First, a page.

I am grateful to laughing medusa for bringing back to my attention the following quotation from Monica Sjoo and Barbara Mor's The Great Cosmic Mother:
To sin, within the patriarchal religious context of Christianity, is to risk being, I.e. within that context, true being can only occur in the renegade spaces outside the established religion, utterly outside and beyond its terms. The Christian dream has already been written, from beginning to end. It says that only one life was worth living, and it’s already been lived, and it was his. The best believers can hope for is an imitation of Christ. Christianity promises to save the human soul; but, in fact, Christianity exists by saving humans from the experience of our own souls. If we will forfeit our own mystical journeys through the world, if we will give up the dangerous adventure of discovering and creating our own consciousness-in-evolution, Christianity will give us, in return; a script about Jesus. And this is the only choice Christian ontology offers: One can spend one’s life risking the sin of being, or one can submit, and spend one’s life following the dead script. (page 343)
I find it hard to follow or expand on this. I have never read anything that so succinctly sums up the huge difference I see between Goddess centred spirituality and traditional patriarchal models. Script is dead as soon as it is written. I attempt here and elsewhere to describe what i have experienced and what I believe but the words cannot do other than approximate. What I can never do is to experience being any other than myself. Nothing I can write can be universally applicable - neither, if I am sane, would I want it to be. I am me and you are you and there is a gulf that cannot be bridged. RD Laing said in Politics of Experience that ( and I apologise for the heavily gendered language, but this was 40 years ago)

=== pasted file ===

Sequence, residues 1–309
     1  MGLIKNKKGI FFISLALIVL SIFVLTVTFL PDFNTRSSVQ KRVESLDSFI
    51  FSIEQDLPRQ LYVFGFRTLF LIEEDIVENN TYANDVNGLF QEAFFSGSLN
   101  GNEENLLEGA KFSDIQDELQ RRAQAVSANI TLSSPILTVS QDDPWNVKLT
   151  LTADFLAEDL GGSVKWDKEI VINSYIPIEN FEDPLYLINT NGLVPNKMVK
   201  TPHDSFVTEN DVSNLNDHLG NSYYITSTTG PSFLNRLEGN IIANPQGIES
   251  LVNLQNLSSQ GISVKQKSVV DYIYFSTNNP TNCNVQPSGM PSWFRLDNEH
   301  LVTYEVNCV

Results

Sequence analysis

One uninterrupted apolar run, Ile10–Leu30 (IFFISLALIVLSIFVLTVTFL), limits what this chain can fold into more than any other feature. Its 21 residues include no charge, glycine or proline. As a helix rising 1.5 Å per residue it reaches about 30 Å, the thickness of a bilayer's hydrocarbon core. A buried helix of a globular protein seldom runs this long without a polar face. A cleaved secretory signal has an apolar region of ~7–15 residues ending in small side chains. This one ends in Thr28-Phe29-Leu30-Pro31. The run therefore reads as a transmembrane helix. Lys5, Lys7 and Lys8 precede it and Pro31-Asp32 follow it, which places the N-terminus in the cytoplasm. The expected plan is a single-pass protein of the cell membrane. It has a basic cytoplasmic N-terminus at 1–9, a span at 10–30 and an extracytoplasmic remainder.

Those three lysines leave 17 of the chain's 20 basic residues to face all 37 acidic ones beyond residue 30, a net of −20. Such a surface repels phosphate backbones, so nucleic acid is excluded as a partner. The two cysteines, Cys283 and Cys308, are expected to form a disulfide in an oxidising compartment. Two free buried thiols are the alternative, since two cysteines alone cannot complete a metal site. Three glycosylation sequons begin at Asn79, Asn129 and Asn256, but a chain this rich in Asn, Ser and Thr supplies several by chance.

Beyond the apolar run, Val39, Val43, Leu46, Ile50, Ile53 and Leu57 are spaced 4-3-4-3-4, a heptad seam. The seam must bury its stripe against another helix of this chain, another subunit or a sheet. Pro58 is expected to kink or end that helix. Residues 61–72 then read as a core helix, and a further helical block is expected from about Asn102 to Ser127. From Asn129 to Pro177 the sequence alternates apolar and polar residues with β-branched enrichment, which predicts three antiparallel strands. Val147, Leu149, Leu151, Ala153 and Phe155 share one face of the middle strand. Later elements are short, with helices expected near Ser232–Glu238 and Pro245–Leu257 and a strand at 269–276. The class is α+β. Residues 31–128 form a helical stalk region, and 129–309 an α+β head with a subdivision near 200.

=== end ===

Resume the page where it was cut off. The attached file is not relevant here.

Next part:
"I cannot experience your experience. You cannot experience my experience. We are both invisible men. All men are invisible to one another".
I remember reading this book shortly after it was published and being blown away by it. It seemed so clear and so obvious. There was no blueprint for experience- no little black book in which human experience can be classified and explained away. All experience is valid. A liberating thought.
But also a scarey one. As I moved outside the jurisdiction of the world of the dead script, I moved into a world of organic growth in which threat seemed to lurk at every corner. When I made mistakes - and some were huge - there was no place to run to safety - no Mother Church to soothe my fears and dispense forgiveness. I was on my own, Sitting with the sin - which grew and festered.
But this is because somewhere deep within I am still adhering to the script of death and therefore holding myself subject to its ineluctable laws. I am, in short, often afraid to be. To be, simply and wholly, who I am. To own my experience as valid. I am a human be-ing and as such am one aspect of all be-ing. Goddess calls, Inanna calls, me to be as I am and lose all my vestigial adherence to second hand, dead, scripts. Increasingly often, I am successful but then the shame returns and I retreat in fear. For shame still lurks, waiting to trip me up. And it is, I feel, shame that waits to ambush us as we move towards fuller being and send us scuttling back to the shelter of our cave and looking for a dead script to cover our nakedness.
For patriarchy does not wish us to be. It does not wish us to trust our own experience. This is clear as far back as the 14 Century
In Chaucer's The Canterbury Tales the very first words of The Wife of Bath are that she holds experience as superior to authority.
"Experience, though noone auctoritee
Were in the world, is right ynogh for me
To speke of wo that is in marriage"
Chaucer was, of course, being ironic and satirical in this portrayal but for satire to exist there must be a target. It seems to me that Chaucer, as a good son of the Church, was here attacking a discourse that was very active in his society and that he saw as threatening to the church. There were indeed threats to the authority of the Church - the Lollards, for example - but Chaucer is not attacking them. His target is a sexually active , financially independent, woman. She is extolling the primacy of experience - the primacy of be-ing. This discourse is what I would now identify as the that of the Goddess- who has been here, although sometimes heavily disguised, all along.
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